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Brazilian royalty, political authorities and tribal leaders have condemned the "politically biased" Amazon Synod as "not proportional to reality or objective facts" and an "indoctrination" pushing for tribal people "to remain in their primitive state."
"This is the biggest press conspiracy ever made against our country, this is a machine of lies," His Imperial Highness Prince Dom Bertrand of Orleans and Braganza said in a video statement posted on his official channel. "The Brazilian Amazonia is not under threat."
"The synod is not proportional to reality or objective facts," the traditionalist Catholic prince told a counter-synod in Rome on Saturday.
The descendant of Emperor Dom Pedro II debunked the myth spun by Synod fathers that the 'Indians of the forest must be protected, because they are pure, so that they are not contaminated by capitalism, selfishness and the desire for profit."
"This is the opposite of what the true Indians want," His Highness told the conference titled "Amazon: The Stakes," hosted by the Plinio Correa de Oliveira Institute, part of the Brazilian-based Tradition, Family and Property movement.
"We are against communism and we want to avoid it in our homelands. I respect this Pope, I pray for him, but the mission of the Church is to save souls" and not to politicize the debate over the climate and the Amazon, said Dom Bertrand, who has authored the popular Portuguese book Psicose Ambientalista (Environmentalist Psychosis), exposing climate alarmism,
"Most of Brazil's Indians are already integrated," he added. "The [progressives] want to keep them in slavery. Liberation Theology brings many evils to Brazil."
Father Jônatas Bragatto, chancellor of the Brazilian Monarchist Circle in United Kingdom, told Church Militant that the Amazon Synod is a leftwing globalist threat to Brazil's sovereignty and that Prince Bertrand, army generals and government authorities had been voicing these concerns for months, only to be ignored by mainstream media.
"There are huge concerns in relation to national sovereignty when the Church is being used as an instrument for left-wing corrupt parties to enforce their totalitarian agenda in the Synod," Bragatto observed.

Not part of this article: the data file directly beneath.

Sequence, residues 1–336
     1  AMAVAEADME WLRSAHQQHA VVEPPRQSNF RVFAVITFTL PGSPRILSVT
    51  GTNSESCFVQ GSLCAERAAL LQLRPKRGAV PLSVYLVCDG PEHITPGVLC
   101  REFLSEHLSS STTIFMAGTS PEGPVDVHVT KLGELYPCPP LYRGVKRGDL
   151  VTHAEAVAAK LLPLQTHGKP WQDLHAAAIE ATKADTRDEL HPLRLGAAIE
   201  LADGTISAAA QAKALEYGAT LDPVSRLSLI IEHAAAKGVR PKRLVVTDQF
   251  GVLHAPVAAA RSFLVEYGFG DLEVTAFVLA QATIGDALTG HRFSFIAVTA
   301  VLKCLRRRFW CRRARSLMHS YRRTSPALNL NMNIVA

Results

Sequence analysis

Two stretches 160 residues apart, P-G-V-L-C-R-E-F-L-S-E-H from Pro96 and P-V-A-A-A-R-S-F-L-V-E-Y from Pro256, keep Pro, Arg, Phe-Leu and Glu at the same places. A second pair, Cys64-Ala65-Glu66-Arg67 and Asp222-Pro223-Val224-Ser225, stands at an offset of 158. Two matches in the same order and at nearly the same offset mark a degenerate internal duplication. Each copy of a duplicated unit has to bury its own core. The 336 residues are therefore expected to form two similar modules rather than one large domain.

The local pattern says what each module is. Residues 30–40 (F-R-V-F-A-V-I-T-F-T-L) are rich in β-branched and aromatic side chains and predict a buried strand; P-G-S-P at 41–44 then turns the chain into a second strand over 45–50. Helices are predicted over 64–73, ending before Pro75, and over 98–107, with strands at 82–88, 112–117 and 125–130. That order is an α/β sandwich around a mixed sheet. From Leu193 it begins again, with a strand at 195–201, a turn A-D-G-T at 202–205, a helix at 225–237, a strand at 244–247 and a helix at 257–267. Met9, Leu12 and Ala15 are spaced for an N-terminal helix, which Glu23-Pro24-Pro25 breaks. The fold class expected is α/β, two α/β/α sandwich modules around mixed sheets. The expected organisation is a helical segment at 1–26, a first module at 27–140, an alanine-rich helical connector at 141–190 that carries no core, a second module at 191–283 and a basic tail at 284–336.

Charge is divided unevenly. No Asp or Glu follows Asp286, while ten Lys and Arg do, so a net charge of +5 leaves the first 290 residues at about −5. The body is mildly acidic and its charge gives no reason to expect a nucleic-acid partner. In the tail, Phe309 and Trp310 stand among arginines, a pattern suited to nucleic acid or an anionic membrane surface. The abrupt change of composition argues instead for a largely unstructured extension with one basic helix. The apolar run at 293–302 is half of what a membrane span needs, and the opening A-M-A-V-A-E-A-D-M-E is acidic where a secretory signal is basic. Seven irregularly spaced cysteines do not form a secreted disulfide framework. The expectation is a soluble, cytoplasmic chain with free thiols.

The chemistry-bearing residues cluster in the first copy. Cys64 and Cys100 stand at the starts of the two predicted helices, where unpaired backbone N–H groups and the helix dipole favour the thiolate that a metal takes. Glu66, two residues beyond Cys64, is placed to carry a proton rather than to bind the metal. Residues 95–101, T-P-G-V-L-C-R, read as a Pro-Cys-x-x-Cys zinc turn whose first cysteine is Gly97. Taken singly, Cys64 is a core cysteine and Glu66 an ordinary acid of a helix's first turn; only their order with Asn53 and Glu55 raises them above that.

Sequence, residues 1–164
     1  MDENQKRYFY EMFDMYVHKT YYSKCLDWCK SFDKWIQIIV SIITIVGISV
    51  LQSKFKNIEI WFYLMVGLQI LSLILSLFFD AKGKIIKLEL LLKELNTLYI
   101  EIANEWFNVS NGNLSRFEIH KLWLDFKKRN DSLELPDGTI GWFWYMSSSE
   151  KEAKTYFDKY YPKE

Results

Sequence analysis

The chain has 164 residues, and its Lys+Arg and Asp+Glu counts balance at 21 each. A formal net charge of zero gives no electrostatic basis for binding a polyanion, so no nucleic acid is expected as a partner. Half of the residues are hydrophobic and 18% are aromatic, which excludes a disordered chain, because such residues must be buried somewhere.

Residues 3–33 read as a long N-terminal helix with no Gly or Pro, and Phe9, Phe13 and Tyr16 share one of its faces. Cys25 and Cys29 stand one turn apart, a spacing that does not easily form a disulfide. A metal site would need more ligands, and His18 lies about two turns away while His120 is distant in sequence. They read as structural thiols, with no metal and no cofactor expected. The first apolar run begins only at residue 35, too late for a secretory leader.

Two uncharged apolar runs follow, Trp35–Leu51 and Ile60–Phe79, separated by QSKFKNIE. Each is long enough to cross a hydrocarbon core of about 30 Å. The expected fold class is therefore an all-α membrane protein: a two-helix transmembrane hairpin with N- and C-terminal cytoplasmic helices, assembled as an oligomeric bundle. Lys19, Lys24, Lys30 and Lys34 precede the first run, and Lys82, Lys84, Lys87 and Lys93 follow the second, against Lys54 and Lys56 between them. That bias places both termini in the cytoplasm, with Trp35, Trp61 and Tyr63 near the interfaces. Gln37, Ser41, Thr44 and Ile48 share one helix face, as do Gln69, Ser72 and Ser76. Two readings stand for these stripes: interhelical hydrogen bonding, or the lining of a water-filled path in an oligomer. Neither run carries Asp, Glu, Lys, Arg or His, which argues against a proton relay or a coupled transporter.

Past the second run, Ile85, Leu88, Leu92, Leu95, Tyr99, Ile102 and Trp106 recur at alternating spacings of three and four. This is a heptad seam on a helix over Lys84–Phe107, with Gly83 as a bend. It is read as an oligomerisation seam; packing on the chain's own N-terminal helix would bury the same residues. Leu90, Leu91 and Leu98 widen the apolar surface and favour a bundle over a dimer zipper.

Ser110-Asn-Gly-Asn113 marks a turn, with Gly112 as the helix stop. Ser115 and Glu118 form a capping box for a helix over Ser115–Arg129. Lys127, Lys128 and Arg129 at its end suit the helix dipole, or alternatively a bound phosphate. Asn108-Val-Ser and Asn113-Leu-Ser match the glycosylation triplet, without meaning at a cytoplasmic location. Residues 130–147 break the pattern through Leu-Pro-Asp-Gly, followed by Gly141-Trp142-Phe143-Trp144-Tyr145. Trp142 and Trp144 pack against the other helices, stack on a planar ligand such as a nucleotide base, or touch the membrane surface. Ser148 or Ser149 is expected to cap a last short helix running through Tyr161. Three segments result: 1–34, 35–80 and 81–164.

"I fully support the work of the imperial family and what they are doing for the Catholic faith and the sovereignty of Brazil," the U.K. missionary added.
Meanwhile, speaking at the counter-synod, Jonas Marcolino Macuxí, chief of the Macuxi tribe, pointed out that a "dictatorship" of missionary workers teaching liberation theology had sought to prevent development in the region, thus keeping indigenous people in poverty and misery.
Blasting the narrative of "primitivism," Marcolino described how cannibalism and infanticide were both part of tribal religious culture that the Amazon Synod is extolling as virtuous.
"Cannibalism has ended, but not the killing of infants," he noted.
"According to traditional religions, when a child is born with a defect, he is buried alive, and that continues," he explained. "Such things were ending; but now, with the idea that you have to go back to primitivism, they remain."
"Liberation theologians are promoting the idea that the Indians who still live in a primitive way are very happy, living in paradise, etc.," he continued. "They want to promote this idea to everybody else. But that's not true. It's false. We are not living in paradise. It's a very hard life; people have insects all over their feet, bats in their homes."
He went on to lament their economic situation: "We should be allowed to develop our economy, because the region is very rich. All the natural resources are there. But in the Indian reserves, you cannot touch them, and that's to the detriment of the people who live there."
Earlier, General Eduardo Villas Bôas, former Commander of the Brazilian army, said that the Amazon Synod is "politically biased" and "ruled by a series of distorted data that do not correspond to the reality of what happens in the Amazon."
Bôas, currently advisor to the Presidential Office of the Institutional Security Office (GSI) in the conservative Jair Bolsonaro administration, voiced concerns over what may come out of the Amazon Synod's final report: "Now, let us be clear: We will not admit interference with internal issues in our country."
"But we are concerned about the resolutions of the Synod, which could lead to interference (with issues of national sovereignty)," he warned.
The top army officer also dismissed the romanticization of tribal peoples.
"The assumption that placing a bell jar on indigenous communities will provide for the preservation of their culture is not true, because Indians feel that they are denied the possibility to evolve," he said. "I have never been to a village without receiving from the Indians a list of requests for electricity, Internet, health clinic, school and economic activities to support them."
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